It’s time to stand up for Mississauga taxpayers by fixing a broken system that awards unaffordable contract settlements to government union employees, Ontario PC Leader Tim Hudak said. “And to do it, we are bringing forward our Ability to Pay Act.”
“We need a freeze on new government spending and a mandatory, across-the-board government employee pay freeze for two years,” Hudak said. “But what comes after? Without bold reforms to the things that drive wages to these heights in the first place – such as the way arbitrators arrive at settlements – we’ll be right back where we started from,” Hudak added.
With a million employees and one out of every three workers considered an essential service, Ontario’s salary and benefit costs make up more than half of all program expenses, Hudak noted. “While the economy is barely growing, these workers continue to receive pay increases. And when government employers and their unionized employees, like police and fire fighters, cannot agree on new contracts, the disputes wind up before arbitrators, who often award increases that taxpayers cannot afford.”
“Paying more and more in salary and benefits means less money to deliver and expand services,” said Mississauga Mayor Hazel McCallion, who is chair of LUMCO – the Large Urban Mayors’ Caucus of Ontario. “Whereas the private sector has managed to keep wage pressures within the context of economic conditions, the same is not true with public sector organizations,” Mayor McCallion further noted.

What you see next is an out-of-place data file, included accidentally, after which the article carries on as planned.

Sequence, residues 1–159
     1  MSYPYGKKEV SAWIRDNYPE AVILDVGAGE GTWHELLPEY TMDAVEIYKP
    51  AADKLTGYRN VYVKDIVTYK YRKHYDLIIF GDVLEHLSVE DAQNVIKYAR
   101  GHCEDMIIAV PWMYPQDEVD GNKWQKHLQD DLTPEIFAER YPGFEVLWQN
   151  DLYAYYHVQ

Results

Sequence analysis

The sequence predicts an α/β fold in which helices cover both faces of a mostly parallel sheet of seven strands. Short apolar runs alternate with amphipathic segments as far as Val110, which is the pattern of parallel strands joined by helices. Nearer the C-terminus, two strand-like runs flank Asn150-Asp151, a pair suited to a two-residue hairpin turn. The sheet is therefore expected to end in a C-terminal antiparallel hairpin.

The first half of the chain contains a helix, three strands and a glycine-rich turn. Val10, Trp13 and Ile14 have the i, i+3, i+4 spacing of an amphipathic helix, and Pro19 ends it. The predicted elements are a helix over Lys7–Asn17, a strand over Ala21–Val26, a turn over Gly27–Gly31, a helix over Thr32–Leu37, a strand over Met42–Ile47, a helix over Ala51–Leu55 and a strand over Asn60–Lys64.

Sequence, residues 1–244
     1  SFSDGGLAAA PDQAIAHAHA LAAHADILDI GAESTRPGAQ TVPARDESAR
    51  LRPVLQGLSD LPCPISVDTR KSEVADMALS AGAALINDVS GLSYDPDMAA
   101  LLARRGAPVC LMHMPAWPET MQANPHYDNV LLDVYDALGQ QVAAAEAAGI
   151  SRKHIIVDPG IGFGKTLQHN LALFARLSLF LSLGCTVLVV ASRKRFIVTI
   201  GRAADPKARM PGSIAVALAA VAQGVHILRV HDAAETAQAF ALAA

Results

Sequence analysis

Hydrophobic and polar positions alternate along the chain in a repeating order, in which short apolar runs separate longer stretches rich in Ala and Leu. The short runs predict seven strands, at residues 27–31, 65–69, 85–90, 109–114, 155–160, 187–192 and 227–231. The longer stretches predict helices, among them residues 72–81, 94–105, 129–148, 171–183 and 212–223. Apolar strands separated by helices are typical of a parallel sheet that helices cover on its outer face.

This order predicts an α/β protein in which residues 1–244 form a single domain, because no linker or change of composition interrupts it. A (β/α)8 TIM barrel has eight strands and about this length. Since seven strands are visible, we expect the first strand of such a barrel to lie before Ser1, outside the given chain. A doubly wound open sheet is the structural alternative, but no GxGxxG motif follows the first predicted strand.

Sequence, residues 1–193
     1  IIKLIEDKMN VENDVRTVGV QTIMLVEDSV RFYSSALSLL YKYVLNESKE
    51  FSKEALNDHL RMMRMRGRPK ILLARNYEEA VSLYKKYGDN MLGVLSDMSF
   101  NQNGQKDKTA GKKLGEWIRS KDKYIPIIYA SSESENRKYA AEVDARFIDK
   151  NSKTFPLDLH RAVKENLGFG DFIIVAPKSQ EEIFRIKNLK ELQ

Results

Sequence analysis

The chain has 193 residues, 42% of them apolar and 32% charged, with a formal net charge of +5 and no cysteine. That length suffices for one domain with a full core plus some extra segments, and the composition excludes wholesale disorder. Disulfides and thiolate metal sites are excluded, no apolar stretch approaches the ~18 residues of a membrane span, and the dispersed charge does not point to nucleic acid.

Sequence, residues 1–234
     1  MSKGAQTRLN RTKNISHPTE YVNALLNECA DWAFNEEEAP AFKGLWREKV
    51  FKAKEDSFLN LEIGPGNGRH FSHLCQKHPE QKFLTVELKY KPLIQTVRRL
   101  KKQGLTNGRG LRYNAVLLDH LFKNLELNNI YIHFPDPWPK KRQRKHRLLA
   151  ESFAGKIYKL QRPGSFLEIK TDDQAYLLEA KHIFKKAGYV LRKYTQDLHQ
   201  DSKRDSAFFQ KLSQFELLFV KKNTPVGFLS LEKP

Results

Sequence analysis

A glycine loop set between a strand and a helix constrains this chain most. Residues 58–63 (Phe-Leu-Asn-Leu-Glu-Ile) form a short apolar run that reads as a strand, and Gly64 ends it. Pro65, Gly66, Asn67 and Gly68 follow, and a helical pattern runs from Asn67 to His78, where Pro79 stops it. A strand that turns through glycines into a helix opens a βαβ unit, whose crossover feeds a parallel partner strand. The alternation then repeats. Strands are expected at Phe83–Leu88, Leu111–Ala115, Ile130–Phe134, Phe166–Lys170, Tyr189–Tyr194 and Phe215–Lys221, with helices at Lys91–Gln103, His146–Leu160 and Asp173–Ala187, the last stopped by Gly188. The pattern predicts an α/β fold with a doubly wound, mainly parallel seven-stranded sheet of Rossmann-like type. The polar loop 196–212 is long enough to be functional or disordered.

For the last nine years, the government has ignored the calls of local officials to change the system, Hudak noted. “The government knows full well some councils have been forced to increase property taxes, impose user fees or cut services to pay for these contracts – at the expense of taxpayers and local business owners.” In just one such example, an arbitrator gave a six per cent pay increase to TTC unions, which will cost taxpayers’ $100 million.
The Ability to Pay Act makes this its goal, in three key ways:
· First, arbitrators’ decisions must factor in specific economic and budgetary factors, like the taxpayers’ ability to pay, when making decisions and explain those decisions in writing;
- Second, establish a panel of independent arbitrators to decide public sector cases within three months; and
· Third, dedicate an Ability to Pay Division would publish comparative information on compensation, as well as proactively disclose all arbitration decisions – call it sunshine and fairness.